Some fitting subtext of the movie was the real-life, brief yet tumultuous matrimonial bond between Audie Murphy and Wanda Hendrix. Their union would be horribly short. Though married during filming, they would already find themselves separated by the time of its release.

One can only hazard a guess the relationship was exasperated by Murphy’s undiagnosed PTSD from his war experiences. Honestly, he was only on the cusp of his fledgling career, not so far removed from his premier status as America’s ultimate war hero, and the demons that come with such a pedigree.

If the eyes are the so-called window to the soul, Audie Murphy’s is burning with a maelstrom of fierce emotion, oscillating from melancholy and glints of warmth to tormenting darkness. His eyes are his greatest attribute and would remain so for all of his movie career. Action pictures like war films and westerns suited these attributes. He could probably speak more with his eyes than with any line of dialogue.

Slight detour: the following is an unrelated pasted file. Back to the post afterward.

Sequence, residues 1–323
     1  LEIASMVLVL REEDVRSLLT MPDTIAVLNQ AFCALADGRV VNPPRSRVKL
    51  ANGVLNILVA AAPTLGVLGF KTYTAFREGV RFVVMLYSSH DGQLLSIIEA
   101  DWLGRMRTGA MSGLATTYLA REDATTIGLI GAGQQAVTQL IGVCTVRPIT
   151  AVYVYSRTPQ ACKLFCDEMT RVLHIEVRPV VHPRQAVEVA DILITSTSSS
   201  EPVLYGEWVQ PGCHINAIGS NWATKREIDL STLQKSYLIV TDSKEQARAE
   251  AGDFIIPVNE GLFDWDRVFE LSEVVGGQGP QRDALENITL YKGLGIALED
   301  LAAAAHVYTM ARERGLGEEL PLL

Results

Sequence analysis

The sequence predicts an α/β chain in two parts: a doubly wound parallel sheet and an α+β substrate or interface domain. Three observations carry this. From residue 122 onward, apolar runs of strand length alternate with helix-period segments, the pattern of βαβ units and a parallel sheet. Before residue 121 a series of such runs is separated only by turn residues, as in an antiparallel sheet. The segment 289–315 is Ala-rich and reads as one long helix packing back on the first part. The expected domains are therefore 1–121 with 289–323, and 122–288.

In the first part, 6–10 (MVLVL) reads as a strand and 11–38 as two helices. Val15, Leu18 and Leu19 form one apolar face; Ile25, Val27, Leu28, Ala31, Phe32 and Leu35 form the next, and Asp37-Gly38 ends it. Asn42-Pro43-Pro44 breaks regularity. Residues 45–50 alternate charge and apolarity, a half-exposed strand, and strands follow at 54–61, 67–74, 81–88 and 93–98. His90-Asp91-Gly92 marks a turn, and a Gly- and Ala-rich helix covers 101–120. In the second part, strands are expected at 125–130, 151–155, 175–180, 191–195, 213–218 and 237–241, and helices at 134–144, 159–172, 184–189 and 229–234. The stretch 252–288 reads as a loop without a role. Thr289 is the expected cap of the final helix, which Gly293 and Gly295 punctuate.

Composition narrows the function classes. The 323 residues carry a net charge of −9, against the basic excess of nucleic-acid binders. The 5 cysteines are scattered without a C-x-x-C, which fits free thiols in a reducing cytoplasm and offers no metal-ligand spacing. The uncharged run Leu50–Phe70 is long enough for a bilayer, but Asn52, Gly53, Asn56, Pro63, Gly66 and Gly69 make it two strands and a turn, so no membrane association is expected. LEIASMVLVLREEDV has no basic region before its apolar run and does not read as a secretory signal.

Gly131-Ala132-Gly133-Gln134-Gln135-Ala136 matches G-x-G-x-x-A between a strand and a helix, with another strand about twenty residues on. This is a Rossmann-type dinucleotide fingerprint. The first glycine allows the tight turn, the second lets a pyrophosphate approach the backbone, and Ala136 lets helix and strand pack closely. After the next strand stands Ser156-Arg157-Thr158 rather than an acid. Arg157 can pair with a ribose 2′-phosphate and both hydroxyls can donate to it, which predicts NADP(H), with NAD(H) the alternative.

3/5 Stars

The Violent Men (1955) and Rockefellers on The Range

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The Violent Men is an age-old tale of cattle wars on the range. The local apothecary warns about Wilkerson a man from the long tradition of land eaters. There are only two choices: run or stand and fight.

Before we ever see him, his cronies are messing around town. In the town’s main street the Sheriff is gunned down in the back by a hotshot gunman (the always smirking Richard Jaeckel). Everyone either turns away or is in the coattails of the local tyrant. We learn so much about them from their inaction. This is a community that has acquiesced to a thug and conformed to a type of general passivity.

No one is willing to stand up or speak up or do anything involving gumption because it means sticking their neck out and being vulnerable to the consequences. Glenn Ford starts getting perturbed, realizing he is just as liable as everyone else.